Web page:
Wednesday, January 03, 2007

John Gardner's Understrike

As I promised, I'd say something about Understrike, a comic spy thriller by the English writer John Gardner. He's nowadays best known as a writer of James Bond sequels (one of which didn't impress me a bit), but earlier he was known first as the creator of the Boysie Oakes series which are spoofs, and then complex and serious spy novels. It seems to me, based on an conversation on an e-mail list I'm on, that Gardner's reputation was pretty much marred by the Bond books and his new books - which I've been told are quite good - don't gather much readers.

Understrike, from 1965, is the second of the Boysie Oakes books ("Poju" in Finnish) and, to me, it's a bit dated. There's too much interplay with beautiful women and not enough action. When there's action, in the climax, there's not much of it, even though it's expertly written. The parody and spoof elements don't seem as funny as they could be - someone like Richard S. Prather did this sort of thing much better. It never seems very convincing to me how a self-pitying coward like Boysie Oakes gets to be a spy, and I think Stephen Frances, of the Hank Janson fame, did more convincing job with his John Gail thrillers he wrote after abandoning Janson in the mid-sixties. John Gail, besides being a self-pitying coward, is also a Leftist and a pacifist...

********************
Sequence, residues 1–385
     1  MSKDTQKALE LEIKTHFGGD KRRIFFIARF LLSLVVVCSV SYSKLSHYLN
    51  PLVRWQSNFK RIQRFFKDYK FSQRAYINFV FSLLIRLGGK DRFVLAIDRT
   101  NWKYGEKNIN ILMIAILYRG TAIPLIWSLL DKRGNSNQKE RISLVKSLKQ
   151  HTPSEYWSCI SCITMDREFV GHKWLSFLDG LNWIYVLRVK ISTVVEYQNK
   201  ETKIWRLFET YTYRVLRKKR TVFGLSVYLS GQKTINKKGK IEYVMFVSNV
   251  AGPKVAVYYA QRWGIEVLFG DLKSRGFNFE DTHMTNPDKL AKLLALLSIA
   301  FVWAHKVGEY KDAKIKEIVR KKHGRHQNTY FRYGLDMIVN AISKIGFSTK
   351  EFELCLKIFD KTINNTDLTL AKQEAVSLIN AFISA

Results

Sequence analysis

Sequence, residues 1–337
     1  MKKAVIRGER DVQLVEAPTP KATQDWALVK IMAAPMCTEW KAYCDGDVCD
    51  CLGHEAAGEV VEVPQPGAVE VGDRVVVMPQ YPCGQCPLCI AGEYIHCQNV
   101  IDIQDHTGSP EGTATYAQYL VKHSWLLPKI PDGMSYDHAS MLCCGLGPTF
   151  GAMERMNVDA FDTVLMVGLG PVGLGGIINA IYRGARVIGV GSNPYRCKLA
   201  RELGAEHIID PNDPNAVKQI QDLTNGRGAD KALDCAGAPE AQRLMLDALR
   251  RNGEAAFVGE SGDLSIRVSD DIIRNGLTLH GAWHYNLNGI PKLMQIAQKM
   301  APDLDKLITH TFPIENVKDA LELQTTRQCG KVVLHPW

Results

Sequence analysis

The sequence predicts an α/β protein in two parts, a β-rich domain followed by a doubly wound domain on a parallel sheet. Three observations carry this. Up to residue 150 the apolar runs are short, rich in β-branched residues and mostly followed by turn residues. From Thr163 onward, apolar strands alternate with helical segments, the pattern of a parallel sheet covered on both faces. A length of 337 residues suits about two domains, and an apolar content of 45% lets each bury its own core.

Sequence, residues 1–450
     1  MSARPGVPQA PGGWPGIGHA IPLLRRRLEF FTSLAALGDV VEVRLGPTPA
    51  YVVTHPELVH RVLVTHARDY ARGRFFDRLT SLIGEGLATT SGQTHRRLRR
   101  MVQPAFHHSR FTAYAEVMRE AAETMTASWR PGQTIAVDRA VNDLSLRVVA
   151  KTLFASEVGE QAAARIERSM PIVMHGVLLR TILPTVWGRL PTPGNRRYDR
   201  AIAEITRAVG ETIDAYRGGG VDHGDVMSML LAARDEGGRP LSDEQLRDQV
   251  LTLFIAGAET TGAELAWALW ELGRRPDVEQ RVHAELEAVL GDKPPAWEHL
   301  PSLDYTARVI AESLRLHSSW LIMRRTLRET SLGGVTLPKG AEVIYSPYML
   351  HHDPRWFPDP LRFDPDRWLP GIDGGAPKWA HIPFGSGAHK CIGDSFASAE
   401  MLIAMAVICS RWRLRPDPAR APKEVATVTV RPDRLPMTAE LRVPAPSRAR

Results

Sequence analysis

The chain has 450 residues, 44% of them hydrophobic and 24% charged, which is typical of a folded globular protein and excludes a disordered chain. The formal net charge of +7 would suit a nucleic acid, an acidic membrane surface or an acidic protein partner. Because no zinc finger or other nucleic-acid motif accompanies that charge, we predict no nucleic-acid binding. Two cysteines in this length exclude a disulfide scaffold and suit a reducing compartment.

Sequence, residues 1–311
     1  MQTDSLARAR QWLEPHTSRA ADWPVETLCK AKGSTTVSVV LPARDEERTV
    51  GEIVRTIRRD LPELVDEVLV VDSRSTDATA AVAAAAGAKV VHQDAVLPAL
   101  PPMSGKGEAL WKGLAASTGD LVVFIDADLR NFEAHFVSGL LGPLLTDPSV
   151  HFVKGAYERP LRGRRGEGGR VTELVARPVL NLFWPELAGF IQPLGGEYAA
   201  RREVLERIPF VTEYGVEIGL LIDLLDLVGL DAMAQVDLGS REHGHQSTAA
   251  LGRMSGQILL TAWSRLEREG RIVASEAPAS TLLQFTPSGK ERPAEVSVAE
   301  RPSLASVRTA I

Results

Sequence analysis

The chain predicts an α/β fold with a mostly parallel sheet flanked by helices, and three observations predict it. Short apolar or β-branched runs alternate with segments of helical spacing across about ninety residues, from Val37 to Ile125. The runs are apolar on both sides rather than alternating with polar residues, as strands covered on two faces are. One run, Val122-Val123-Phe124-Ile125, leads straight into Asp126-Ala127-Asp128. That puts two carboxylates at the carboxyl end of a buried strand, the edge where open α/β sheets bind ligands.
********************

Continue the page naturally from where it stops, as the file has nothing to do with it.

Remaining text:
If this were not my job, I'd give up, but as I'll have to write an entry for Gardner for the upcoming reference book on thriller writers, I'll have to read some more of his work.

Right now, I'm reading Ice Station Zebra by Alistair MacLean. The opening has so many catches for the reader that it almost makes me want to say that MacLean is the master of the genre! ("I've seen the future of the thriller genre and his name is..." Well, not that.)


mybillcrider said...

Ice Station Zebra, has a great ending, too.

Juri said...

I'm looking forward to it. It must be over 20 years since I read the book and can't remember anything of it.